What Is Aromatherapy?
Aromatherapy is a type of alternative medicine practice utilizing fragrant/aromatic essential oils that are derived from a wide variety of healing plants. When inhaled or applied to the skin, therapeutic-grade essential oils (also sometimes called volatile oils) have been shown to help people overcome various health problems without the need for medications.
Who Benefits from Aromatherapy?
What is aromatherapy used for? Aromatherapy has been studied in connection with improving both short-term health problems, along with more serious disorders. Research shows that anyone with the following health conditions can likely benefit from aromatherapy:
• Chronic stress or anxiety
• Insomnia and trouble sleeping
• Muscle pain
• Joint pain
• Respiratory infections
• Digestive upset
• PMS or menopause symptoms
• Skin problems or disorders, including bites, rashes, bruising, cellulite or acne
• Blood sugar fluctuations
Aromatherapy uses essential oils to make you feel calm, relaxed, or energised. The oils work with your sense of smell: you can inhale them, bathe in them or be massaged with them.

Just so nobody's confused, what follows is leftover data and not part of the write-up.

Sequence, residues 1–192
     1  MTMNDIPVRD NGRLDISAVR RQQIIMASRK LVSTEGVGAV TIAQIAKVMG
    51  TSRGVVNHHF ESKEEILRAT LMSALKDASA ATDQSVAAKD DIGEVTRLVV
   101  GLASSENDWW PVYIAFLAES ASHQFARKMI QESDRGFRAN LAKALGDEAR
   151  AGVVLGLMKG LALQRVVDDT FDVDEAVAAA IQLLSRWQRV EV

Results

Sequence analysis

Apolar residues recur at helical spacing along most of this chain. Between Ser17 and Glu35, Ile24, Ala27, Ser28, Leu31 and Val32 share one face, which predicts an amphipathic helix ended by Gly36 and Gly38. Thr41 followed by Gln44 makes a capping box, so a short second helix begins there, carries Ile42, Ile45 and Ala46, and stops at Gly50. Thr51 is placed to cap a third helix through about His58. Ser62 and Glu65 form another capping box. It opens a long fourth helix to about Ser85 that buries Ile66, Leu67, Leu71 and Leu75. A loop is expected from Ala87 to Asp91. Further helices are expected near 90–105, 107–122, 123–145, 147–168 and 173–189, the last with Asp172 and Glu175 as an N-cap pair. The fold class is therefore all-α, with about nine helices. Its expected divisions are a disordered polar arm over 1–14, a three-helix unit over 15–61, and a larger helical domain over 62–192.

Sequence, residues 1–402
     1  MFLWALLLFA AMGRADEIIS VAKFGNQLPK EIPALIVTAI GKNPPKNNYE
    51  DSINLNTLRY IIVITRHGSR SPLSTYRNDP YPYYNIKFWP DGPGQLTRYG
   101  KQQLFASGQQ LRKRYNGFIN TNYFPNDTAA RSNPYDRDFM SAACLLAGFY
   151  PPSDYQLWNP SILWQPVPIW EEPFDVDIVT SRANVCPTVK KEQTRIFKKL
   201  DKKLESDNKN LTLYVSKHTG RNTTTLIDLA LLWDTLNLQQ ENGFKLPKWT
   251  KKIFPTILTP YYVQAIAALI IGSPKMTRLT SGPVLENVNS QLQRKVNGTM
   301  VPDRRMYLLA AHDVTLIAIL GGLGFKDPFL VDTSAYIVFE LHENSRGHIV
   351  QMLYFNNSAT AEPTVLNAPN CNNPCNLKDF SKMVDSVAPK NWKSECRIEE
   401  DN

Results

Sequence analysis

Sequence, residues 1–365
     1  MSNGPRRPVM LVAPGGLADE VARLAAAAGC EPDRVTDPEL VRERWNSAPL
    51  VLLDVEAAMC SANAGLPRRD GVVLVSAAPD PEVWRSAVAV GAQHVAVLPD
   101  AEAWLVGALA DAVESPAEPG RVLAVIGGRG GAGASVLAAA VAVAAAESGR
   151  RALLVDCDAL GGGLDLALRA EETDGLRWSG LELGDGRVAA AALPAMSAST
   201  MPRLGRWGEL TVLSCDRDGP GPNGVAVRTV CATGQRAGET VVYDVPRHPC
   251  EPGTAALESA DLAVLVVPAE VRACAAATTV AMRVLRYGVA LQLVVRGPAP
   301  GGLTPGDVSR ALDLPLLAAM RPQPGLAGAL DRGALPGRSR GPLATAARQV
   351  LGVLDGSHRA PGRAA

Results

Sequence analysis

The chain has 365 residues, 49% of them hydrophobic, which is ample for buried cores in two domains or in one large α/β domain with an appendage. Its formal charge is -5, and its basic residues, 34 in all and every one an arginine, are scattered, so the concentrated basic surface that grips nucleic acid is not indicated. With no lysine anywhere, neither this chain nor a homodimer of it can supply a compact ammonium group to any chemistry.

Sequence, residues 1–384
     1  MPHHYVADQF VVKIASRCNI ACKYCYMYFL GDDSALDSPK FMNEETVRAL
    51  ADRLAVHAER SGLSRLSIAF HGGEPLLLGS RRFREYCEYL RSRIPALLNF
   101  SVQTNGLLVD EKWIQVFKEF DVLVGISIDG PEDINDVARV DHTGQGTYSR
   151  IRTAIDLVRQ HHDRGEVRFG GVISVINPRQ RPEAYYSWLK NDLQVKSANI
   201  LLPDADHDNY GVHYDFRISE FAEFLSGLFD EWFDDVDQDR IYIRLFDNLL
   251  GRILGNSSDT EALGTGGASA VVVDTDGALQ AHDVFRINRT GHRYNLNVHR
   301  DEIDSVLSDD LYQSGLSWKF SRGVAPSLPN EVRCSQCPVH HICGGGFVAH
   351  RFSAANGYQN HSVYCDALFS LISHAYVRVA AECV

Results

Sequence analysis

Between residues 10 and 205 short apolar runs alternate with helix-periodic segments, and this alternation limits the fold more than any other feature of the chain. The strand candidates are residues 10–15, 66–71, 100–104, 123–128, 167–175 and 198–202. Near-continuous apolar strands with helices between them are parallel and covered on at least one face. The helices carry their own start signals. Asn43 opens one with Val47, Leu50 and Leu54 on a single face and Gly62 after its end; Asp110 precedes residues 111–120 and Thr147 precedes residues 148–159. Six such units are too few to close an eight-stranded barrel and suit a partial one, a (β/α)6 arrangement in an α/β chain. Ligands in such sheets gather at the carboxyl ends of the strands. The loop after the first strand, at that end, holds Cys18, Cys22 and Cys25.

What is aromatherapy good for?
Aromatherapy uses warm essential oils to activate your sense of smell and increase your sense of well-being. The oils are massaged into your skin, dropped into bathing water, or blended with other oils or steam for you to inhale.
The essential oils used in aromatherapy are extracted from raw plant material, which may be flowers, berries, bark, wood, roots, leaves, resin, peel or seeds. Only a small amount of essential oil is needed, which is blended with a larger amount of “carrier” oil, such as jojoba, sweet almond or grapeseed. Commonly used essential oils include flowers oils such as camomile, lavender, rose and jasmine, and oils extracted from trees such as eucalyptus and sandalwood.